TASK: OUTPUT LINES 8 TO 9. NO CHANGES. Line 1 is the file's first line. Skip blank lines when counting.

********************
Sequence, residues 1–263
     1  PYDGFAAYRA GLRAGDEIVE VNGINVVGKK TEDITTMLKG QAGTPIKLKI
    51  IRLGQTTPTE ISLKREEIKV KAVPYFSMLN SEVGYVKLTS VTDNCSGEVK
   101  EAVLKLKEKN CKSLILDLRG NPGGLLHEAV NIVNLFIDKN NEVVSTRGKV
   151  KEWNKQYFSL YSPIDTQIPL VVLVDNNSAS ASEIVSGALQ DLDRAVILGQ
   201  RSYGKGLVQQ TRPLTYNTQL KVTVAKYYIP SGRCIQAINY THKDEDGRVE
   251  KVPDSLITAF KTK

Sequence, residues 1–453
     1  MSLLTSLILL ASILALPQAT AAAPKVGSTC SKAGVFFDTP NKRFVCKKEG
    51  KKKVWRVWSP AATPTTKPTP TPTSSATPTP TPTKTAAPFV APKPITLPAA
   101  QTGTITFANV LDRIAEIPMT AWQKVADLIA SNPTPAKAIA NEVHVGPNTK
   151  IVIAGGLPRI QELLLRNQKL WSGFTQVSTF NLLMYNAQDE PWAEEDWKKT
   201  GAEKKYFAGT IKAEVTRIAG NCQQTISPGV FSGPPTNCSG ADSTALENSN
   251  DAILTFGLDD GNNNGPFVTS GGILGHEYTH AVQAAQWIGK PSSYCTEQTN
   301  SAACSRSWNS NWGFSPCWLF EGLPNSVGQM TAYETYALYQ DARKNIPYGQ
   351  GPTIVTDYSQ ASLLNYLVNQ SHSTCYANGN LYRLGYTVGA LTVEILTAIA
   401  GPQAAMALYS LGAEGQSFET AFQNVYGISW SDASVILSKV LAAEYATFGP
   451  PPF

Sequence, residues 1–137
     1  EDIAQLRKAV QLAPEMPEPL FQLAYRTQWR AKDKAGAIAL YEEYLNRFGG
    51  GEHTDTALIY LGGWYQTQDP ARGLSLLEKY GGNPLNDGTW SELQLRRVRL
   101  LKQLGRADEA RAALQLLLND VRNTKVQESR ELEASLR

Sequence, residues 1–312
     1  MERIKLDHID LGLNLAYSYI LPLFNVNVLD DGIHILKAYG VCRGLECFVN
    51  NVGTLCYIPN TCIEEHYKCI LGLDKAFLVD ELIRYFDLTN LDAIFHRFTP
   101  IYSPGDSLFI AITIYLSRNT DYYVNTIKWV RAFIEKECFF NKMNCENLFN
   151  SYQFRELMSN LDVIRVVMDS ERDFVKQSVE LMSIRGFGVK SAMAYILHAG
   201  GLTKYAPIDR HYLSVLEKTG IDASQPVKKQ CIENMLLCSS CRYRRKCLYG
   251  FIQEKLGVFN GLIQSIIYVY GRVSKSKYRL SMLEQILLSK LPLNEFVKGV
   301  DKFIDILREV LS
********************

Sequence, residues 1–453
     1  MSLLTSLILL ASILALPQAT AAAPKVGSTC SKAGVFFDTP NKRFVCKKEG